U.S. Employers Continue Hiring Spree
May 7, 2010 (The Palm Beach Post, Fla.) Private employers went on their biggest hiring spree in five years last month, and the jobs picture brightened so much that economists brushed off news that the nation's unemployment rate rose slightly in April.
The Labor Department said Friday that companies hired 268,000 workers, the fastest pace of private hiring since February 2006. After accounting for government job cuts, the economy grew by 244,000 jobs in April.
The nation's unemployment rate rose to 9 percent in April from 8.8 percent in March, but many economists greeted that bit of unwelcome news as a sign that the job market has improved enough to lure discouraged workers back into the hunt for work.
The Labor Department said the number of discouraged workers (those who want work but have stopped looking) fell by 208,000.
"There have been people who have been suffering in silence who have not been accounted for," said Joann Raphael, an economics professor and dean at Strayer University in Palm Beach Gardens. "They're reentering the work force. To me, that is very hopeful. That needs to happen before we see true growth in employment."
In another hopeful sign, the number of job seekers unemployed for six months or more dropped by 283,000. Long-term unemployment, the bane of the recession, seems to be easing.
Dustin Kushner of Boca Raton said he was unemployed for only a month before being hired last month at a McDonald's in suburban Boca. After losing his telemarketing job, Kushner said he quickly found a position as part of McDonald's national hiring day.
While he's taking orders and cleaning tables for now, Kushner, 25, said he hopes to join the management track at McDonald's.
"I actually see a future with McDonald's," Kushner said. "I'm looking for more of a career than a job."
While Kushner found work in short order, others see a job market flooded with applicants.
Fred Sancilio, owner of Riviera Beach drug maker Sancilio & Co., said advertising one opening brings a flood of 400 resumes.
"You mention a job opening, and all of a sudden you've got 400 pieces of paper you have to deal with," Sancilio said. "People are desperate."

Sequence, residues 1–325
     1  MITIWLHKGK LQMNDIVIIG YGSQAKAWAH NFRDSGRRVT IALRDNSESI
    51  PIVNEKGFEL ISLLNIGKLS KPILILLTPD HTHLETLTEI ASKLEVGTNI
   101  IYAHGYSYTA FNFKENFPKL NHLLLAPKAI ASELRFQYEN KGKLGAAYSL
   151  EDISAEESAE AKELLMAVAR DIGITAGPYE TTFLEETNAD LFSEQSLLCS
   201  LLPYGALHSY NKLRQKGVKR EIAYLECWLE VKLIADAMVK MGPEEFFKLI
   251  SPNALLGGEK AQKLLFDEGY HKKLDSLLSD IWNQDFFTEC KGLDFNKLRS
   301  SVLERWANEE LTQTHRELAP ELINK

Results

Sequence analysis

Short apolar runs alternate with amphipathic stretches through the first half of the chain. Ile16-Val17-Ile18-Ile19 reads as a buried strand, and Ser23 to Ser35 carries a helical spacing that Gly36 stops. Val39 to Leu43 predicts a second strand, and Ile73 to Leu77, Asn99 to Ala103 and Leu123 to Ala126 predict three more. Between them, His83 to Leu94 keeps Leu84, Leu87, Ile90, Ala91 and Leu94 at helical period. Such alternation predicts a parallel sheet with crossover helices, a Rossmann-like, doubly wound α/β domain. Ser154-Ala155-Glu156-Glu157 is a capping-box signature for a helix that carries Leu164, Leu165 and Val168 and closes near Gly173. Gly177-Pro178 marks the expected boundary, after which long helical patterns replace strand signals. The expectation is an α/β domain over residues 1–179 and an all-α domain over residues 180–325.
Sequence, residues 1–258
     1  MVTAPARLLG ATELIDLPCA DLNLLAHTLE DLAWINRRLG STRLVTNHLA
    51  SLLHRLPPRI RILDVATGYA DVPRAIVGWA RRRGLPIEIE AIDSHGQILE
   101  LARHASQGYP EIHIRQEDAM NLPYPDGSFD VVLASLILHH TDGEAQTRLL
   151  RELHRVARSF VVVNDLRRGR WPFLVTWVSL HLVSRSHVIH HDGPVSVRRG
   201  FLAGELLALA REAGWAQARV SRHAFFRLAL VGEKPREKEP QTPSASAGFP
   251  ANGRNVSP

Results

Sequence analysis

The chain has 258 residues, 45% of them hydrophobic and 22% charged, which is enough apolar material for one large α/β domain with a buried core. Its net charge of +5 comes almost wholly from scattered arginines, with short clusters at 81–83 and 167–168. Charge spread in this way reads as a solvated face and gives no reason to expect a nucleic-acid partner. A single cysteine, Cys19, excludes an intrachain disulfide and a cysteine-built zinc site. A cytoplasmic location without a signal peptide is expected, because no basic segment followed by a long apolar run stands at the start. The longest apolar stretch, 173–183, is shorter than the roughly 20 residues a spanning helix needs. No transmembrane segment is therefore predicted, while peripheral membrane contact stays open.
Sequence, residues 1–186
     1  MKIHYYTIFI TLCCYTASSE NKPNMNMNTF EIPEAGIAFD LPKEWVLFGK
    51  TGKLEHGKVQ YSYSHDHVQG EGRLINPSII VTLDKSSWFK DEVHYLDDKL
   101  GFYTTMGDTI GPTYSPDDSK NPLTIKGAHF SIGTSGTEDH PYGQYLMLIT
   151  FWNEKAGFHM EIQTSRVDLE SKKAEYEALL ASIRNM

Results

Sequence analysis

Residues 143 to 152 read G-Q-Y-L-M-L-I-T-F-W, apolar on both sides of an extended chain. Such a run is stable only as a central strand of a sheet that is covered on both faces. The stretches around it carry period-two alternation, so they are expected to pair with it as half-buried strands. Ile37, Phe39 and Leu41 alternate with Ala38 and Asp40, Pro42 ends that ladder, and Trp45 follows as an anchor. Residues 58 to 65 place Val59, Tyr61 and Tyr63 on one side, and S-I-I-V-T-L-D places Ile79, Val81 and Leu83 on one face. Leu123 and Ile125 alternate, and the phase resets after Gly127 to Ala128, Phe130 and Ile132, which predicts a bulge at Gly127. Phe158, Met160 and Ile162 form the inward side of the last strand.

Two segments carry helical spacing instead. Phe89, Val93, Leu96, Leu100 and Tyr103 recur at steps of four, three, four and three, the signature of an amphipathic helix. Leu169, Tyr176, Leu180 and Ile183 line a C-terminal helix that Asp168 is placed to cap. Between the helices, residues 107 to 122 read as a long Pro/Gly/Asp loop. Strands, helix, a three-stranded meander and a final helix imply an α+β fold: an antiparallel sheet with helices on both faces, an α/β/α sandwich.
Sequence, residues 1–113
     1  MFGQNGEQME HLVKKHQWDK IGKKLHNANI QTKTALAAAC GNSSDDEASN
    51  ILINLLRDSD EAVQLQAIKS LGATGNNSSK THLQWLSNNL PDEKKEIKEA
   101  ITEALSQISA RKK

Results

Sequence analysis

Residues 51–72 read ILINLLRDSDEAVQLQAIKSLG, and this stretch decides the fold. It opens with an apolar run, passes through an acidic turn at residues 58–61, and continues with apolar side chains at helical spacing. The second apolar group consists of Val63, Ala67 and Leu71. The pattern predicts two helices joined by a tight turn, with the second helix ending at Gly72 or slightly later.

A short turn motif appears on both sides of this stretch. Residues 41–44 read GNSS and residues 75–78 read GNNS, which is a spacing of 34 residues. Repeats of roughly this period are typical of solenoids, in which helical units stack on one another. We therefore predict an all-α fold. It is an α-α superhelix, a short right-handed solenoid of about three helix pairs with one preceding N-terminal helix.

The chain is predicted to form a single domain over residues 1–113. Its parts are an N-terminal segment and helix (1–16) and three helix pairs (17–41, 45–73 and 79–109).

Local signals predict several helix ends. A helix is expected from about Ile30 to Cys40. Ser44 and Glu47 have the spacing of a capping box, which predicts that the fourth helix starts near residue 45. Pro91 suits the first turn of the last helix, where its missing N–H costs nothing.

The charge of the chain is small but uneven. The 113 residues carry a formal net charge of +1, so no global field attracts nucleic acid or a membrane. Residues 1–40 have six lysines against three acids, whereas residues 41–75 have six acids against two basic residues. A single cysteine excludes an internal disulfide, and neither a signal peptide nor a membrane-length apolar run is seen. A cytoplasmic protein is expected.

But Friday's report from the Labor Department indicated that times are less dire for many job seekers. April marked the third straight month in which more than 200,000 jobs were created, the strongest three-month hiring binge in five years. In another cause for optimism, job gains in March and February were better than first reported.
Healthy job growth hasn't translated to raises or longer hours. Average hourly earnings were essentially flat, climbing by 3 cents to $22.95 in April. The average work week for all employees remained 34.3 hours.
Still, the latest employment figures suggest businesses are confident in the economy despite weak growth earlier this year and soaring gas prices. Stocks rose after the employment report was released. The Dow Jones industrial average jumped 168 points in morning trading before closing with a 54.57-point gain.
"It is a sign of relief. Economic momentum has not been lost," said Sung won Sohn, an economist at California State University. "Surprisingly, the rising energy prices have not made a significant dent in businesses' willingness to hire, indicating that their optimism on the economy has not faded."
The resurgent job market brings good news for President Obama's reelection bid, but Republicans said the economy would be performing even better without Democratic policies that they consider cumbersome and meddlesome.
"Our economy continues to suffer from the uncertainty being caused for private-sector job creators by the Democrats who run Washington," House Speaker John Boehner, R-Ohio, said Friday.
The Associated Press contributed to this story.